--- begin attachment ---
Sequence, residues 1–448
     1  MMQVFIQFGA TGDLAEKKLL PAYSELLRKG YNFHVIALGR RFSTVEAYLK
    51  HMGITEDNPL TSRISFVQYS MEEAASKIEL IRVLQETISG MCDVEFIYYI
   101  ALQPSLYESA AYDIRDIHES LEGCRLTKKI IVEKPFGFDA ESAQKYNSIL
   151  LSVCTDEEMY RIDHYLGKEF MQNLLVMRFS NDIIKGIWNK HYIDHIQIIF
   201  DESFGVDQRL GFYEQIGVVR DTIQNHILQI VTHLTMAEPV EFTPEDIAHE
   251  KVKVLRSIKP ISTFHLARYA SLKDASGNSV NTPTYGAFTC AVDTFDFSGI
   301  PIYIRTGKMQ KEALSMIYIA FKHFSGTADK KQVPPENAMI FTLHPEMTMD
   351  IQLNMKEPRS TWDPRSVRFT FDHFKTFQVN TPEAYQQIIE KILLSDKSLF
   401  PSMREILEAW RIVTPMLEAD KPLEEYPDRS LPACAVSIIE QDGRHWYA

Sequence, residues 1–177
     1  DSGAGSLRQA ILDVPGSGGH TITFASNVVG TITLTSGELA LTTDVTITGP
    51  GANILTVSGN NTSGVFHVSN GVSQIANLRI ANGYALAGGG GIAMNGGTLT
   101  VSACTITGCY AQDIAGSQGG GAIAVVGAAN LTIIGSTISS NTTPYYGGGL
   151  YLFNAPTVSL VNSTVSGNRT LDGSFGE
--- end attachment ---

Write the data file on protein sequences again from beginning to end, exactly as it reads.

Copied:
Sequence, residues 1–448
     1  MMQVFIQFGA TGDLAEKKLL PAYSELLRKG YNFHVIALGR RFSTVEAYLK
    51  HMGITEDNPL TSRISFVQYS MEEAASKIEL IRVLQETISG MCDVEFIYYI
   101  ALQPSLYESA AYDIRDIHES LEGCRLTKKI IVEKPFGFDA ESAQKYNSIL
   151  LSVCTDEEMY RIDHYLGKEF MQNLLVMRFS NDIIKGIWNK HYIDHIQIIF
   201  DESFGVDQRL GFYEQIGVVR DTIQNHILQI VTHLTMAEPV EFTPEDIAHE
   251  KVKVLRSIKP ISTFHLARYA SLKDASGNSV NTPTYGAFTC AVDTFDFSGI
   301  PIYIRTGKMQ KEALSMIYIA FKHFSGTADK KQVPPENAMI FTLHPEMTMD
   351  IQLNMKEPRS TWDPRSVRFT FDHFKTFQVN TPEAYQQIIE KILLSDKSLF
   401  PSMREILEAW RIVTPMLEAD KPLEEYPDRS LPACAVSIIE QDGRHWYA

Sequence, residues 1–177
     1  DSGAGSLRQA ILDVPGSGGH TITFASNVVG TITLTSGELA LTTDVTITGP
    51  GANILTVSGN NTSGVFHVSN GVSQIANLRI ANGYALAGGG GIAMNGGTLT
   101  VSACTITGCY AQDIAGSQGG GAIAVVGAAN LTIIGSTISS NTTPYYGGGL
   151  YLFNAPTVSL VNSTVSGNRT LDGSFGE